He was only 24 and still working on a graduate degree at Oxford [when he joined the official team of Dead Sea Scrolls editors], but he came strongly recommended by G. R. Driver as the most promising semitist of his generation. Even before university he had been privileged to receive the extraordinary linguistic training, which characterised the classical departments of the best English schools. At St Paul’s in London, he once told me, his class was challenged over one weekend to translate verses of the song “O Clementine” into Greek that could be sung to the same tune. Others of that age-group report that he read a Hebrew bible for recreation while walking.HT: Eileen Schuller
Always available to our students, his presence also drew other scholars to the École Biblique....Many will recall with pleasure the stimulation and entertainment provided by colleagues from a number of different countries as they debated the day’s decipherments at the evening meal. Strugnell would have liked to formalize this arrangement.
What Strugnell published on the scrolls is minimal by comparison with the output of others of his colleagues, but it was of exceptional importance. He preferred to work in collaboration, and the form it took was typical. He was the first to permit doctorate students to work on unpublished scrolls, but he did not give them minor fragments of negligable importance. He entrusted them with uniquely valuable documents. ... [Eileen Schuller] wrote, “I've been in contact with a couple of friends these last days and we've been sharing memories of John from our student days, and we all agree on the same points: his dedication to his students, expressed in his willingness to read whatever we submitted; to take it seriously enough to make detailed comments and criticism; to encourage us to express our own views (even when they disagreed with his). Long after we graduated, he continued in that role, especially offering us encouragement as we began our teaching and publishing”.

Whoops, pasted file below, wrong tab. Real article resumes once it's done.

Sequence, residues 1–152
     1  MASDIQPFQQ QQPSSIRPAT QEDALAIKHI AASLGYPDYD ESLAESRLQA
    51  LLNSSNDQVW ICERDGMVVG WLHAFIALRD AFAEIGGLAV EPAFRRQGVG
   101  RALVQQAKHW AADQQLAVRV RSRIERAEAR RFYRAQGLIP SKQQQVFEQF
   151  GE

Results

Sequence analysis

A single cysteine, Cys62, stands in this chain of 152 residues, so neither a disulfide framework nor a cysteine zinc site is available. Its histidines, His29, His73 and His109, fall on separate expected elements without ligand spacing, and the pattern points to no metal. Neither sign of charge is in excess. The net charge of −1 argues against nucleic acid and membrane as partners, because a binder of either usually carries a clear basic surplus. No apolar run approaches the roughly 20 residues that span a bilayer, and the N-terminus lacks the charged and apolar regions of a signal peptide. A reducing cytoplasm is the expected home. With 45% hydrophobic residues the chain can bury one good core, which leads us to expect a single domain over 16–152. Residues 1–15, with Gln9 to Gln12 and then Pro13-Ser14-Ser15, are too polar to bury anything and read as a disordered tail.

One of Strugnell’s most unusual claims to fame was to have been the author of a review longer, and much more valuable, than the book he was sent to assess. He began to write his review of John Allegro’s Qumran Cave 4.1 (4Q158-4Q186) in French because he thought that only a brief notice would be necessary for the Revue Biblique. As he went through it, however, he realized that more and more corrections were necessary. Still writing in French he effectively re-edited all of Allegro’s texts. When Strugnell had finished, the review was far too long for the Revue Biblique and much more suited to be an article in the Revue de Qumran. This demanded a introduction, which he thought should be in better French. The translation was provided by de Vaux, but without any indication. I still vividly remember the gales of laughter when the packet containing the proofs was opened after lunch. Jean Carmignac, editor of the Revue de Qumran, had made dozens of corrections in de Vaux’s French and virtually none in Strugnell’s!
Friday, January 4, 2008
John Strugnell Obituary by Jerome Murphy-O'Connor
Jerome Murphy-O'Connor has an excellent write-up about John Strugnell in the most recent English edition of the École Biblique's Nouvelles de Jérusalem (scroll down to about the middle of the document). Since I have not seen this obituary mentioned elsewhere online, I thought it was worthy of special mention here as well as on my growing list of John Strugnell Obituaries. Some highlights: